• Facebook
  • Twitter
  • LinkedIn
  • Google +
  • RSS

Cyber security needs the human touch

21 June 2016  •  Author(s): Dr John McCarthy, Cyber Security Specialist

John McCarthy blog

Many of us believe that cyber security is full of highly complex technical issues and is beyond our understanding without some study of the topic. In many ways this is true.

Transmission Control Protocol/Internet Protocol (TCP/IP) rules based within firewalls housed in sophisticated network architecture can be complex and need a skilled person to manage them. Some of these firewalls are very expensive and are useless if they are not constantly updated. Companies can spend tens of thousands of pounds on these systems which offer state-of-the-art protection.

However, many of these systems can be easily bypassed; rendering the entire security system in place virtually useless. A simple attachment to an email containing malware could be sufficient to breach your systems. And once inside your IT network the hackers could then do untold damage and cause you major problems.

Many of you, I’m sure, are saying you would not be so crazy as to open an email attachment containing malware. But this is in fact one of the most common ways to break into a network. What makes it so easy for the hackers is the lack of education and training most users have about cyber security. If we all knew about the perils of cyber security, we would be far more cautious and stop many of the attacks happening.

To make the issue more complex we have been encouraged to embrace social media in our workplace and to write about our hobbies and interests. This makes the Phishing attempt (that’s the name of the email with malware attached or containing a malicious link) so much easier. For example, I love to dance Tango – it is a passion of mine and it’s simple to find this out by looking at my social media pages. So if I was to receive an email about a Tango event, for example, it would be far more likely to spark my interest than a generic email and I would therefore be far more likely to open it.

Education and training is the only real solution to this problem. This, and the understating of the value of a password to hackers and why we should not write them down on a post it note under our keyboards, is also important should be part of our basic training in the work place. If we offered this training to staff we would see a dramatic reduction in basic cyber security errors and make the hackers life so much harder. There is no doubt we need complex technological protection such as firewalls for our networks but we also need to embed understanding in our staff. Doing this makes our network far more secure at a fraction of the cost of the complex technology we put in place to protect us.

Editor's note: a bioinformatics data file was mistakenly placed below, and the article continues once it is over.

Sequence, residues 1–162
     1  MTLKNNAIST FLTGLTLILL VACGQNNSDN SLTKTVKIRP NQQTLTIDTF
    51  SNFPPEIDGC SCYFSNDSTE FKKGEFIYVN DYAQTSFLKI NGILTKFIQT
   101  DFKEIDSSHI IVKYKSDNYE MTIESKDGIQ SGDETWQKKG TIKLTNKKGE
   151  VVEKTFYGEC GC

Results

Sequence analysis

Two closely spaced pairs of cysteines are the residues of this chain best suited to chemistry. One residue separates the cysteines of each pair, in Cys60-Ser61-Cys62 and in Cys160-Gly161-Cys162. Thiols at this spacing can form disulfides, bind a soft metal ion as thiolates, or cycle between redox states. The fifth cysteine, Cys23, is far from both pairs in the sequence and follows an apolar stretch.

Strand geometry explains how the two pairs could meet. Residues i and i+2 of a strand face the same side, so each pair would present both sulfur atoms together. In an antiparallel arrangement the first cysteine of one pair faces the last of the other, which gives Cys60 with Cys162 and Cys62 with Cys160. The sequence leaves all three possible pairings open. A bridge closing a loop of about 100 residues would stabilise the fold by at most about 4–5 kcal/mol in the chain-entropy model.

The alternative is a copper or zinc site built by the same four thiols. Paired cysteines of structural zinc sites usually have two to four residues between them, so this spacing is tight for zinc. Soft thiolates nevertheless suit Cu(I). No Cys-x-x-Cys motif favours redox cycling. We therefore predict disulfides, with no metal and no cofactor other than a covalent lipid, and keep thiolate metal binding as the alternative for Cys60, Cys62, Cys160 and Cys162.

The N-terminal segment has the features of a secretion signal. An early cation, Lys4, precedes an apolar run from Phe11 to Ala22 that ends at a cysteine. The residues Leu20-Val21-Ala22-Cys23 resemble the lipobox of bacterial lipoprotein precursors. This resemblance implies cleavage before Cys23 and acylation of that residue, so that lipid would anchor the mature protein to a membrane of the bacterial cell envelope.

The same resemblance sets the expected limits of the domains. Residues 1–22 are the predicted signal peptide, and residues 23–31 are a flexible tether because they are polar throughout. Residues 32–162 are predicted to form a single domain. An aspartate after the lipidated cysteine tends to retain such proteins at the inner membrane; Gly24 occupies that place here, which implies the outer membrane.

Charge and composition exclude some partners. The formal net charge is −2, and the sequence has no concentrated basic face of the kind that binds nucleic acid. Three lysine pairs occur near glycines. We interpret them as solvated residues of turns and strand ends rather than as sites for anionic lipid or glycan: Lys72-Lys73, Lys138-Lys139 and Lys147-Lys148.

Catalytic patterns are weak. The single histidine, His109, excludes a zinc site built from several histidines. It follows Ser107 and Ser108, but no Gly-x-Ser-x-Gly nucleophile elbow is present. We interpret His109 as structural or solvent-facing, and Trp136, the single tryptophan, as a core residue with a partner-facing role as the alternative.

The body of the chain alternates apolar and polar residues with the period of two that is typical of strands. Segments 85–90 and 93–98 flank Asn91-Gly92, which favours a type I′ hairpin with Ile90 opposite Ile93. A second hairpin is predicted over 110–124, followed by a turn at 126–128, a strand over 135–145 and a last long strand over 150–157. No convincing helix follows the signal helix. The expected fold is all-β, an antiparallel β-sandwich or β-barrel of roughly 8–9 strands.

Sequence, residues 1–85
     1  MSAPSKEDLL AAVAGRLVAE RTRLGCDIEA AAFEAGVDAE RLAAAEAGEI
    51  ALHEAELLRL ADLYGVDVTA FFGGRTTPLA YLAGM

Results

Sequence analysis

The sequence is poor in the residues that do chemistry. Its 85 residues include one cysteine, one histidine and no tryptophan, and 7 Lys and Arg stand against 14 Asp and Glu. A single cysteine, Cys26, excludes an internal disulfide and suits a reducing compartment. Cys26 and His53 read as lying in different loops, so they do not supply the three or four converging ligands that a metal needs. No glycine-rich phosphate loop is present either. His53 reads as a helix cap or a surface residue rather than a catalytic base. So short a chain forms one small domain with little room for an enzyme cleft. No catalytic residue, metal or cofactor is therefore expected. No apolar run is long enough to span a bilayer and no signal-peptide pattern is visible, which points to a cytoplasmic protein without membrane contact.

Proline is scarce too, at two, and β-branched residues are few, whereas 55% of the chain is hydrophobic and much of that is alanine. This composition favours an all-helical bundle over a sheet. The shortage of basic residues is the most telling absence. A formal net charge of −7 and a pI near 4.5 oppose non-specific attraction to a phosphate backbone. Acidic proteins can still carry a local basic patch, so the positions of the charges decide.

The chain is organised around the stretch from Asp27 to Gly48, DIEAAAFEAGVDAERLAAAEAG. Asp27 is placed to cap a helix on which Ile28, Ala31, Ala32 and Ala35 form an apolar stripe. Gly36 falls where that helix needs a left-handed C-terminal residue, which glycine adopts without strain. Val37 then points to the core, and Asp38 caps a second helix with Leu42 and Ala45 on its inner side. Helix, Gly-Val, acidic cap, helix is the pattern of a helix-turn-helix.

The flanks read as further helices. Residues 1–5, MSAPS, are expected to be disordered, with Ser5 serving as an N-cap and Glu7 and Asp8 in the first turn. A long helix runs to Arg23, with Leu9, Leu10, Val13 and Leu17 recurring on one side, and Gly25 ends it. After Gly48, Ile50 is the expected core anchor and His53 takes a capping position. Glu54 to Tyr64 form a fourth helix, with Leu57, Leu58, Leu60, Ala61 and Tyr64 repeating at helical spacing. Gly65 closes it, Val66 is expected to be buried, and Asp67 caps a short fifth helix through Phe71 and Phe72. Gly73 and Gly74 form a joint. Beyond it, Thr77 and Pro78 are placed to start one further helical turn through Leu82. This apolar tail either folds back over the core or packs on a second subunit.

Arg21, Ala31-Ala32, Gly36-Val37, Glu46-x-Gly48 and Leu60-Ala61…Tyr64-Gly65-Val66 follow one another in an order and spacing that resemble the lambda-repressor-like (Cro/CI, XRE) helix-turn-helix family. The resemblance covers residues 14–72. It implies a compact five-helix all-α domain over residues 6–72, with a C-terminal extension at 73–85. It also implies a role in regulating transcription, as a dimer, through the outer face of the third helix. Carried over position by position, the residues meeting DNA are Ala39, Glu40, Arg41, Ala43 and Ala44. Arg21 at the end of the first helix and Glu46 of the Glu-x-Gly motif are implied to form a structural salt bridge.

_____________________________________________________________________

About Dr John McCarthy

Dr John McCarthy PhD BSc (Hons) MBCS is a renowned authority on cyber security strategy, development and implementation and is an Airport Cyber Security Fellow for ServiceTec Global Services.

Dr McCarthy is frequently invited to sit on expert panels and appear as a speaker at well-known security events including International Airport Review’s own Airport Security and Airport IT events. Past appearances have included talks on ICT Security in the Modern Airport, Security in the Digital Age and SCADA threats in the Modern Airport. He has also been a member of International Airport Review’s Editorial Board since January 2014. 

Dr McCarthy is also a leading expert on social engineering awareness training and best practice.

_____________________________________________________________________

Leave a reply

 

IATA Webinar: How confident are you in conducting your security risk assessments?WATCH NOW
+